Washington Horror Blog

SEMI-FICTIONAL CHRONICLE of the EVIL THAT INFECTS WASHINGTON, D.C. To read Prologue and Character Guide, please see www.washingtonhorrorblog.com, updated 6/6//2017. Follow Washington Water Woman on Twitter @HorrorDC ....

Sunday, May 17, 2009

Turning Up the Heat

Dubious McGinty was leaning over the catwalk railing high on his drawbridge, watching the Dragon Boat Festival.  Last year he had thought they were real dragons, but he was completely lucid today.  He could sense Ardua of the Potomac pulsating beneath the surface of the chilly Potomac--trying to capsize boats and eat people--but these boaters were good.  As the pink dolphins cavorted (unseen by most) between the brightly colored skiffs, McGinty could almost declare that life on the Potomac was sweet and beautiful and fun...almost.  A Coast Guard helicopter took another observational pass over the festival, and Marcos Vasquez tried to make out the pink splashes in his binoculars.

A couple miles to the east, Golden Fawn was missing Vasquez.  She wanted to tell him that her follow-up mammogram was clear.  She wanted to talk to him about the latest tenant association flyer on their class action TOPA lawsuit.  She wanted to...talk about the future.  She closed the kitchen trash bag and headed down the hallway (over the newly installed cockroach-camouflage-color carpeting) to the trash chute room, where she opened the door to a plume of smoke:  the Southwest Plaza arsonist had struck again.  She ran back to her apartment to call 911, then ran back out of her apartment again to pull the fire alarm and head for the stairwell with her fire alarm survival kit.  (It wasn't that she was really afraid of a trash chute fire, but sometimes the arsonist lit multiple fires at the same time and the firefighters would want them out of the building for a couple of hours.)  Outside, the arsonist was sitting calmly in the grass, a big smile on his face, a flock of starlings pecking at weed seeds all around him.  A few minutes later, Golden Fawn was opening her folding chair and settling in with a newspaper and a book in the shade of the walkway.  A raven alit beside her to tell her who the arsonist was, and she looked up in surprise:  it was "John Doe", who had been suffering from temporal lobe epileptic attacks since being savagely beaten in a gang initiation a couple years back.  He smiled back at her, pleased with himself:  he knew someday he would succeed in burning up that demon living beneath the building.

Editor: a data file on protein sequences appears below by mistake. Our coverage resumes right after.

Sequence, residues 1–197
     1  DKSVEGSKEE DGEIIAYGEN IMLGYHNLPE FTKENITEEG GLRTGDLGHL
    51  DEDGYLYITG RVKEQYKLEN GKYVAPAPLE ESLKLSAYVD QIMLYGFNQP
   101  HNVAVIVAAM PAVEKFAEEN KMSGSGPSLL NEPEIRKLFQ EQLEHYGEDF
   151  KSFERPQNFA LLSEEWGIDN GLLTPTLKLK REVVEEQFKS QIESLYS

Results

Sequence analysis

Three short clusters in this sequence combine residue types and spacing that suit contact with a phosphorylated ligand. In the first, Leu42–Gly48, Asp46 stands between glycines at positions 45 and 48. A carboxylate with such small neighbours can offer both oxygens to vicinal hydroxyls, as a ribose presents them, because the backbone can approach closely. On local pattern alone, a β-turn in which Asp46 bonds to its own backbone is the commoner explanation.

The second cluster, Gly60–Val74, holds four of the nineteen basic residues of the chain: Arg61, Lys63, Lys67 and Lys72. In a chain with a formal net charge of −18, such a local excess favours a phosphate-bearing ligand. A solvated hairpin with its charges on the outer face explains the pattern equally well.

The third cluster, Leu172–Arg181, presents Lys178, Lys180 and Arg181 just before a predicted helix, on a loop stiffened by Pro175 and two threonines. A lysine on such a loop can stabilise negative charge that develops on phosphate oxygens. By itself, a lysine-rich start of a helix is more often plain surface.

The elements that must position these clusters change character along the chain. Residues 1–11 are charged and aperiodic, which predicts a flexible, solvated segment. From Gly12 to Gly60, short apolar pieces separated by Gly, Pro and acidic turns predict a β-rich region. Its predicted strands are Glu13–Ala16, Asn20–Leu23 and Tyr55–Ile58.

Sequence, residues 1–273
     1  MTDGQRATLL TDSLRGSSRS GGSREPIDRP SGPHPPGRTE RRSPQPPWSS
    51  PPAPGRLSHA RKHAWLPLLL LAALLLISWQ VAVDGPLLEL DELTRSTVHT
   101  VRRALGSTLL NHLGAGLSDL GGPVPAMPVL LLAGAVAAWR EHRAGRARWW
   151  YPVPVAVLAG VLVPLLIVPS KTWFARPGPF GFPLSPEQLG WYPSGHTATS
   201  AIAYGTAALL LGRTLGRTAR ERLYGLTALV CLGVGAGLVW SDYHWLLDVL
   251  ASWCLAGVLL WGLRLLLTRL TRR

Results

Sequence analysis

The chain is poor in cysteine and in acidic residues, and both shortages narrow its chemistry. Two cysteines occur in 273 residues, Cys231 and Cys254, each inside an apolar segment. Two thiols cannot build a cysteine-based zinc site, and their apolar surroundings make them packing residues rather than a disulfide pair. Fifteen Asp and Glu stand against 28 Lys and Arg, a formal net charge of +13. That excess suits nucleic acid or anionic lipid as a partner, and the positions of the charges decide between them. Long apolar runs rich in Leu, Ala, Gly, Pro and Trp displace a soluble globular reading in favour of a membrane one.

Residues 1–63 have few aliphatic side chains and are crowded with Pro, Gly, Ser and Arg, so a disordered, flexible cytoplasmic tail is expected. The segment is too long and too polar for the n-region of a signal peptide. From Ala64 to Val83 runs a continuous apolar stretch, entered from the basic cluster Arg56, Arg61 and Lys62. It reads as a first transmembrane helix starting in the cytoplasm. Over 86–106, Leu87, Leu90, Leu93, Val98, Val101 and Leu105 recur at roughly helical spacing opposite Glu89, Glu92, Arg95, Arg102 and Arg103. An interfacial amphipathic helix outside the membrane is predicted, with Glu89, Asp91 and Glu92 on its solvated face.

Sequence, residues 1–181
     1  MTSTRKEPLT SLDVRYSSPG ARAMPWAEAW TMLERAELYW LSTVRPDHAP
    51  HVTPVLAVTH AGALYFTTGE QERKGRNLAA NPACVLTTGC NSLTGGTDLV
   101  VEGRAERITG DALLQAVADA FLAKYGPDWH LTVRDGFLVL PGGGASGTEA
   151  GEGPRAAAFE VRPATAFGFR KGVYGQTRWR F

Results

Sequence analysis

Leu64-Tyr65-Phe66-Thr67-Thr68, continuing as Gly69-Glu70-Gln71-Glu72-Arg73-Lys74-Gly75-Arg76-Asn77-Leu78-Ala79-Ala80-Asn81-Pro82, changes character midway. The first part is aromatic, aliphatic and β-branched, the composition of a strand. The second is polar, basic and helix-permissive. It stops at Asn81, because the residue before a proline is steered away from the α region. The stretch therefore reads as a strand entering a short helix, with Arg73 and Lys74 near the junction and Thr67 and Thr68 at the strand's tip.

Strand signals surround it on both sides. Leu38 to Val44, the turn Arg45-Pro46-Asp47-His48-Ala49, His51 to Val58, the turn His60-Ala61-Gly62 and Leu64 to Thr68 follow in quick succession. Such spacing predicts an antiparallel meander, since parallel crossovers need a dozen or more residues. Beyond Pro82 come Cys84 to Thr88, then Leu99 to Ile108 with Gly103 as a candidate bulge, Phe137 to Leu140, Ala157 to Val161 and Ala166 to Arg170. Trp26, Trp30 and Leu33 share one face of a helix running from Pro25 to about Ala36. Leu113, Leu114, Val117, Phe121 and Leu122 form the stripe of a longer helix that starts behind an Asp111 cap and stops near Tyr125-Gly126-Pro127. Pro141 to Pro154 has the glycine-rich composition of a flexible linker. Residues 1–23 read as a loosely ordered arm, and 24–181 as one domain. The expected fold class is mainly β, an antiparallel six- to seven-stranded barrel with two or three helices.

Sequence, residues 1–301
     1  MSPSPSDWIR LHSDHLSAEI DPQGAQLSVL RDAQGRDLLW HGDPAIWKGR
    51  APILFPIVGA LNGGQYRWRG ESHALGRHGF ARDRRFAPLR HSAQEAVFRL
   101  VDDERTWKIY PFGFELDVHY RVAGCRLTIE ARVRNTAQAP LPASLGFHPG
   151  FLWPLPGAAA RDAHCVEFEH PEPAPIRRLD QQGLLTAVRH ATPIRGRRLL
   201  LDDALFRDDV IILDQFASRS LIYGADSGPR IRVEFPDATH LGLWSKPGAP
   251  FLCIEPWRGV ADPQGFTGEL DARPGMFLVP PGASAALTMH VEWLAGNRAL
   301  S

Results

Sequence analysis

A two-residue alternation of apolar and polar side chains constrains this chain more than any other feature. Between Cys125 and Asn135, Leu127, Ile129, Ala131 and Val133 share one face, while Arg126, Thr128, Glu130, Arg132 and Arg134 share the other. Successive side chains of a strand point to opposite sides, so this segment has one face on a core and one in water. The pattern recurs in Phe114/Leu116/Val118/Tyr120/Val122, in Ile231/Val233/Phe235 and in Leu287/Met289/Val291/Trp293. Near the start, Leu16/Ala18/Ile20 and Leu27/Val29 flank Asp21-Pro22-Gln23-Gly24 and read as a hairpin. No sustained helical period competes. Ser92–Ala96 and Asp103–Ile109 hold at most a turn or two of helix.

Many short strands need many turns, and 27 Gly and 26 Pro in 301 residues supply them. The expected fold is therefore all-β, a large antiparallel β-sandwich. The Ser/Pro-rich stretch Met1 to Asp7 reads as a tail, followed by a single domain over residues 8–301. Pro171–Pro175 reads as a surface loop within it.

Over on the Arlington side of the river, Charles Wu was stepping into the shower in the secondary bathroom of his Pentagon City luxury hotel suite.  He turned on the hot tap, and then the cold, and waited until the flow reached the temperature he desired, and then redirected the flow to the shower head.  During the moment of transition, when no water flowed into the tub, he looked up expectantly at the shower head.  He loved the mystery of hotel showers--how they all felt different, how you didn't know what the water pressure or streams would feel like until the water made first contact on your shoulders.  Then the blast hit him hard:  he was on the 11th floor, and the water pressure was overwhelming.  He turned around to let the water pound his neck for a few minutes, then reached down to reduce the flow before reaching for the soap.  When he was alone, he liked to sing in the shower, but he knew that the heavily jetlagged "Camisole Silk" and "Apricot Lily" were resting in the main bedroom, and it would be very uncool if they heard him singing.  He smiled at the thought of their both having visited him separately in the night, each sleeping through the other's separate foray.  Then he frowned as he thought about their upcoming meeting with the Secretary of State to discuss their involvement in Project RODHAM.  Wu had always been an information agent, not an operations agent.  The stakes were getting high on China's far western border, and he wasn't sure these women were the right choice...but they were the best he could get.  He didn't trust them enough to show them where he lived after they flew in from China last night, so how could he trust them with Project RODHAM?  Then again, he never showed anybody where he lived.